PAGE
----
A recent story on NPR takes note of the 30th anniversary of the CD.
I remember when CDs overtook LPs in the NCPR control room. Late ’80s. CDs had been around for a few years, but we didn’t get serious about converting right away–in part, we still received a lot of free recordings from music companies and they transitioned over several years. Early CDs had somewhat inferior sound quality, but once I got the hang of using a CD player (not very difficult even for a tech-challenged person like me) I was a convert. Sure, it was fun to back spin an LP to cue it up, but WOW! with CDs, you actually had a reading on remaining time for a track, which made back-timing on the air incredibly easy. (Definition of back-timing: figuring out how many minutes you have until you have to hit an inflexible timepost, such as the start of a network program.)
So, the takeaway from the NPR story is that various audio technologies over the past 100 or so years have each had a lifespan of about 30 years. (Uh, the 8-track is certainly an exception.)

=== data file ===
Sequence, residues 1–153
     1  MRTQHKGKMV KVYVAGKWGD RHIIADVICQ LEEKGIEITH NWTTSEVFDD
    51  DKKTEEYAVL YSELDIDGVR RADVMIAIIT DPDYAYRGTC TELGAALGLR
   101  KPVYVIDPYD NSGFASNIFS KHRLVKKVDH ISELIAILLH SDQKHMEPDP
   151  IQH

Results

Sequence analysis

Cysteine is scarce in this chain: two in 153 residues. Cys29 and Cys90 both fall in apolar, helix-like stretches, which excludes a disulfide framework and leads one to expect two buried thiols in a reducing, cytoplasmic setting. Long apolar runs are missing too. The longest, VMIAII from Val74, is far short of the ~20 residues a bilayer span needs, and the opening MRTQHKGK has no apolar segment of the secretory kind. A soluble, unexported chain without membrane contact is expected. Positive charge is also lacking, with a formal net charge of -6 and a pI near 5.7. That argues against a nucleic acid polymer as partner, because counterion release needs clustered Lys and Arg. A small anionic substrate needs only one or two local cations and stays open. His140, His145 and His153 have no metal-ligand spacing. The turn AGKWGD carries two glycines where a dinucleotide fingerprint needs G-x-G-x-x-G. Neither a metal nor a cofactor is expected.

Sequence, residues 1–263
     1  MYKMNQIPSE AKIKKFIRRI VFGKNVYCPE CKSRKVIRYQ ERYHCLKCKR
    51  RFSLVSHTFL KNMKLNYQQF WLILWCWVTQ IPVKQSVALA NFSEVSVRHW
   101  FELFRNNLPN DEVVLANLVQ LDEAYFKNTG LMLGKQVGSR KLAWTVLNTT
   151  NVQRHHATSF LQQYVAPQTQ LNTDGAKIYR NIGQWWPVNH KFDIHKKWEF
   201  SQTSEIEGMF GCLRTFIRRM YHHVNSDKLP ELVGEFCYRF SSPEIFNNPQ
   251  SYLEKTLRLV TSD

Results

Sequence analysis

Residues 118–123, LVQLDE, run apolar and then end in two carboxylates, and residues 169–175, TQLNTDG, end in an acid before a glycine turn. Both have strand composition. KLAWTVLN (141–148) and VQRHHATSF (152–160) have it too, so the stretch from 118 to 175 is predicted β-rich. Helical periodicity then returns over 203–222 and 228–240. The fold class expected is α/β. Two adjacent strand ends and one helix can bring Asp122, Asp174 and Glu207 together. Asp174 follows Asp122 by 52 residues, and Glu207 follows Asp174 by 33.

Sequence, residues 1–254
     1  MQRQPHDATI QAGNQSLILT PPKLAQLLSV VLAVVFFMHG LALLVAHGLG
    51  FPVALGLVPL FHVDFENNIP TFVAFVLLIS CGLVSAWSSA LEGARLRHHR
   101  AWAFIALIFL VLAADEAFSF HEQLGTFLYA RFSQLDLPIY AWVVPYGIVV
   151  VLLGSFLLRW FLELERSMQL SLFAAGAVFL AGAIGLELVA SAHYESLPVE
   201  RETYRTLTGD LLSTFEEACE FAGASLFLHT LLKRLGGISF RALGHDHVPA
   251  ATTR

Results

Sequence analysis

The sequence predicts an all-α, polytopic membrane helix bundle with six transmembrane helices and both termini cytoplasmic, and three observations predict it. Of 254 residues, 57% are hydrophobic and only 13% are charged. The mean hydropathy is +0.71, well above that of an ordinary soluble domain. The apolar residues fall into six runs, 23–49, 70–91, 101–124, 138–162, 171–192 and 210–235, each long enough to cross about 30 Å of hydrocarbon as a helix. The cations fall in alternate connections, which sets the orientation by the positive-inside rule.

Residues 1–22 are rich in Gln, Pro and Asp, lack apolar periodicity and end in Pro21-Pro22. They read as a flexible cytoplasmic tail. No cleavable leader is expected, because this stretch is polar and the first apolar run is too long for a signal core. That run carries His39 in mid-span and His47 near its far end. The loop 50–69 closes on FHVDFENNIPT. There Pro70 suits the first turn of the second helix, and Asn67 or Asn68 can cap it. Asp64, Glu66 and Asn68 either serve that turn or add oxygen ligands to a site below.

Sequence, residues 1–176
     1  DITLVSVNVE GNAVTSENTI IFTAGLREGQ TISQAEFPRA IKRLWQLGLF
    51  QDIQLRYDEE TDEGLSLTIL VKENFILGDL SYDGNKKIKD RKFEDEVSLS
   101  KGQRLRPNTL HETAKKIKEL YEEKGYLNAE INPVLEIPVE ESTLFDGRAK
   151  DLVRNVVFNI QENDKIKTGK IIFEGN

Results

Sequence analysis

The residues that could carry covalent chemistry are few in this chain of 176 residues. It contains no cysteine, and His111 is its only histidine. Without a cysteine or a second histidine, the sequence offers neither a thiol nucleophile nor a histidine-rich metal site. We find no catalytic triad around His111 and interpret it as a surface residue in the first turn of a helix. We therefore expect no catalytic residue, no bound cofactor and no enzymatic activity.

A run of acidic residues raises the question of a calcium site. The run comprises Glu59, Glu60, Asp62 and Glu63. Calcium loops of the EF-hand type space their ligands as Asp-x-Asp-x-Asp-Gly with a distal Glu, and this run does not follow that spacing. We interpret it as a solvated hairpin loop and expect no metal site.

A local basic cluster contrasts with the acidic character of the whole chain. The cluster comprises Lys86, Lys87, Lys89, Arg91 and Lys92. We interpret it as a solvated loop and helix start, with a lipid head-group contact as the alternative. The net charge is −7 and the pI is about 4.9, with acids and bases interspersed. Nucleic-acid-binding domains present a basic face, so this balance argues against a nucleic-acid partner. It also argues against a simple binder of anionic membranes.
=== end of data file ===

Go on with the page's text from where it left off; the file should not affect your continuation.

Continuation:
It was hard to let go of LPs–great cover art, easy to read liner notes. On the other hand, CDs eliminated the surface noise problem (even new LPs were often marred by scratches or hissing surfaces) and, eventually, we all got used to the little booklets that accompany CDs–chock full of information printed in the tiniest fonts.
Confession: I still play LPs during The Blue Note and, because I’m so used to CD technology, it’s my favorite at the moment. But I use it all: LPs, CDs, MP3s.
Like digital books, digitized music is convenient and offers instant gratification when you want to hear or play a particular tune. But, I still love browsing LP and CD collections, running my eye over the song titles or list of musicians, associating certain songs with the color of the case or photo on the liner notes. Kind of like handling an actual book…
Do you have a favorite audio technology? Vote below! And share any stories related to one or more of these technologies–the first LP or CD you bought, the first song you downloaded on iTunes, the record you discovered in your parents’ collection…